I see that Elizabeth Windsor is 90. I congratulate her. I have no problem with her or her family and wish them health and happiness. My problem is with the institution of the monarchy. I would like us to abolish it. Not in the 1640’s manner, but by simple democratic action, allowing them all to retire to a private life. They might be relieved. That world of luxurious, constricting Ruritanian duty must be wearing.
This Jubilee takes me back to the Silver one in the 1970s. I knew, as it loomed, that the BBC would celebrate on its knees, with supreme unction. So I thought I would make a contribution. My friend Jim Allen was as republican as me, so we got to work. It was a time of Labour welfare cuts. Jim found a case. We researched it and he wove a screenplay around the actual events.
The Silver Jubilee was the background, framing the family tragedy.
We shot it in Oldham. The people from round there were hospitable. Many of them were in it, including Jim’s daughter. In fact most of the cast were from working class northern families. Christine Hargreaves was brilliant. It was a film from that community and deeply embedded in it. Jim himself was a Manchurian and lived in Middleton.
It got a huge audience and made a big impression, even winning the Prix Italia and other prizes, for what they’re worth. But its now largely forgotten. Cathy Come Home also dealt with a social problem involving a destroyed family and is now remembered and still played around the country. Both films are shamefully even more relevant now than when they were made. Why they should have suffered different fates is a puzzle to me, but I never understood the mysteries of audience reactions.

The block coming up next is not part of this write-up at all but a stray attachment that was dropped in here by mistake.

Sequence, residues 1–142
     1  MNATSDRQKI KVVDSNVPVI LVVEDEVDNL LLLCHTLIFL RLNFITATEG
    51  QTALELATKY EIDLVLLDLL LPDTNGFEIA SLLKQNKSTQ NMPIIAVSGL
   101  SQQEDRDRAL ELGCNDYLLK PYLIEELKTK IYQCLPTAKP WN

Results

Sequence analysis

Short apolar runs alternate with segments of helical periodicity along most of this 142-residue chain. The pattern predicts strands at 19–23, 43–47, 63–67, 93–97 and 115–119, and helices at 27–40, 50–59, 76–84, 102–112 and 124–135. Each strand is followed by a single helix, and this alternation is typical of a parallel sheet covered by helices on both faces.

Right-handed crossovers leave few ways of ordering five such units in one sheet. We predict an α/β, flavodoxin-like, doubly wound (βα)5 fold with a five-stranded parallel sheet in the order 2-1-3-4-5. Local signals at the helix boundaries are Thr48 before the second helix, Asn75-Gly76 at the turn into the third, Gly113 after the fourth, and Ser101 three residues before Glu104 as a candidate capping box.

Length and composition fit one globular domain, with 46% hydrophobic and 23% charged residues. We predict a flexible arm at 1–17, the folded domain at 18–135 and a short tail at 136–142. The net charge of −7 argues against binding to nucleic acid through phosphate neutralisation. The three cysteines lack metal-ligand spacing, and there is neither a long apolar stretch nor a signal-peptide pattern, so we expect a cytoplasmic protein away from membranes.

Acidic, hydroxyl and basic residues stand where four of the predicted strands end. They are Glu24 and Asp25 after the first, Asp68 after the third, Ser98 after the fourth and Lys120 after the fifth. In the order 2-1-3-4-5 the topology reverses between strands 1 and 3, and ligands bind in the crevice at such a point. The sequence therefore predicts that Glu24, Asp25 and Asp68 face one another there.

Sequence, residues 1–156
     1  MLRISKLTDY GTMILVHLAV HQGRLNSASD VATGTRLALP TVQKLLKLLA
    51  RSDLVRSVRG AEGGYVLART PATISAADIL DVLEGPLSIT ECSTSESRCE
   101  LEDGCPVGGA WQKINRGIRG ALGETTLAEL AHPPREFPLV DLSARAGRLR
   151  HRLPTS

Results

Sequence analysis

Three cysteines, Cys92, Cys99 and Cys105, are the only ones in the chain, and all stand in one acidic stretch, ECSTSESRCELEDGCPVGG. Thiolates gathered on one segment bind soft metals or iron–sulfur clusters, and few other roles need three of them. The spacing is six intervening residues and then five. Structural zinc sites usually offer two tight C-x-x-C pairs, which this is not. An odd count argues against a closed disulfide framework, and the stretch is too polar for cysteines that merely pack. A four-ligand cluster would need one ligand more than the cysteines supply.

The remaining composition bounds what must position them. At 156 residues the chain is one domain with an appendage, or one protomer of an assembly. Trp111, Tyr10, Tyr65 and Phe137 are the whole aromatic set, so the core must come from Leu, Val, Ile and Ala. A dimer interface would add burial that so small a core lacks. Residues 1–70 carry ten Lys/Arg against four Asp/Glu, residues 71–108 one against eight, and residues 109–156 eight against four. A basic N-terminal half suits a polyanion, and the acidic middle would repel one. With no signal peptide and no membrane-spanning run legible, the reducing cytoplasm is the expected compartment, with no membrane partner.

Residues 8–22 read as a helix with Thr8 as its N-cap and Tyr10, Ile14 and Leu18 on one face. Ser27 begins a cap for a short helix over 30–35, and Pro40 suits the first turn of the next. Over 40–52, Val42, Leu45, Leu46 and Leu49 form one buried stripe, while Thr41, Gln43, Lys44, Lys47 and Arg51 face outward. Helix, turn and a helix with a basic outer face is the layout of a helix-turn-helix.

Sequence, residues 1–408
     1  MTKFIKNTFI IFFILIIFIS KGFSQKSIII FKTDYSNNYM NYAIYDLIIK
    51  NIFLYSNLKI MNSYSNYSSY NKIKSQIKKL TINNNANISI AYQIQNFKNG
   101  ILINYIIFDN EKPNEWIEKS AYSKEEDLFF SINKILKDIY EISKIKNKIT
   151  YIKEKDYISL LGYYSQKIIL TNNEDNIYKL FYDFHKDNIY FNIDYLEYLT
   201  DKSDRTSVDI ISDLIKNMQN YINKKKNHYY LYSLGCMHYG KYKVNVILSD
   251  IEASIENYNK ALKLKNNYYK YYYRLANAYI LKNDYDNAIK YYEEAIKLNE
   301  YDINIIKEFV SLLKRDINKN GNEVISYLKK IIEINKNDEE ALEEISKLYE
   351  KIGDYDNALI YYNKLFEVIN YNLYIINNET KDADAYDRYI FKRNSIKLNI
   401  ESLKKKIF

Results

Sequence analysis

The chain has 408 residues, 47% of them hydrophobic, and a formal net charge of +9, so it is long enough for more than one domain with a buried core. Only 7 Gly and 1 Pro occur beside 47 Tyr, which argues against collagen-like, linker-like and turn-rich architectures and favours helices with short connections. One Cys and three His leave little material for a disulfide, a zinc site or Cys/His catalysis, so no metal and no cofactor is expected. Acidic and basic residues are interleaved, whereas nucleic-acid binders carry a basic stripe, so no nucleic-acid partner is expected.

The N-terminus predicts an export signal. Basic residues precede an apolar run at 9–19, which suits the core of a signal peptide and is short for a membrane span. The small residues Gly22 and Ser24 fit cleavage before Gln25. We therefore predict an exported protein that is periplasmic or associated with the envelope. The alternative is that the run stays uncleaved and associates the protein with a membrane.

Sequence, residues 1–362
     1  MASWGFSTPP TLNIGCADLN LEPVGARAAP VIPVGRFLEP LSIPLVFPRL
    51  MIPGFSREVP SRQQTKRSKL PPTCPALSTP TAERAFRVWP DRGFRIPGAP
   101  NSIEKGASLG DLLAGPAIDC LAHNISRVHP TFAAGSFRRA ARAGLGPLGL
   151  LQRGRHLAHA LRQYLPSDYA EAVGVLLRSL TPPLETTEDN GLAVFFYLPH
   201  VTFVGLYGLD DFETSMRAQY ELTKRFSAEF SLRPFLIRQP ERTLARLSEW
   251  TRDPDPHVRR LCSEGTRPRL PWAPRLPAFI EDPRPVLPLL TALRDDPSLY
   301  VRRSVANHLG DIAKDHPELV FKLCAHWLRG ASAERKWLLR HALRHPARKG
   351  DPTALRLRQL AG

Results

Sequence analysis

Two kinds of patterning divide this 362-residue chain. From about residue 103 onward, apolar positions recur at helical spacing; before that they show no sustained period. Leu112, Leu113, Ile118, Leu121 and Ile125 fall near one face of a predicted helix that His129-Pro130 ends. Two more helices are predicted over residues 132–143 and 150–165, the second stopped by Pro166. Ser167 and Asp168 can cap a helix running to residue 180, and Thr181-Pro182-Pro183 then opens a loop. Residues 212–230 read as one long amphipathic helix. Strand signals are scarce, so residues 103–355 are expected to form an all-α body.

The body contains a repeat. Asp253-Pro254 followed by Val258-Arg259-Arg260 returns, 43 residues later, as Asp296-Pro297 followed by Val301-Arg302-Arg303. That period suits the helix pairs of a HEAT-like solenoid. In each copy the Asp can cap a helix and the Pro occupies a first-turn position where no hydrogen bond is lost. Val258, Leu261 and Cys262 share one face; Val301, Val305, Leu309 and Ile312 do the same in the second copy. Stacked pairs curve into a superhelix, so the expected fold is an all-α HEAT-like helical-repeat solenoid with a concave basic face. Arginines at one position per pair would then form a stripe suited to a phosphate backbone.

Of course, for all their faults, I love them both.
But it would be good if The Spongers could join Cathy in helping to expose our contemporary disgrace: the suffering of our fellow citizens amid great wealth.
It is Victorian without the do-gooding consciences of Christian philanthropists. It is suffering the system shrugs off as inevitable collateral damage.
And we tolerate it. We need a Dickens. But please have a look at The Spongers and weep.
Related article: BFI: The Spongers 35 years old and still fiercely relevant.The Day the Music Died is the memoir of BBC director and producer, Tony Garnett. For the first time, Tony shares exclusive details from his childhood in working-class and war torn Birmingham. He takes readers behind the scenes of a selection of his more famous productions, offering secrets and anecdotes. Some moving and some amusing. Now available to buy on Amazon.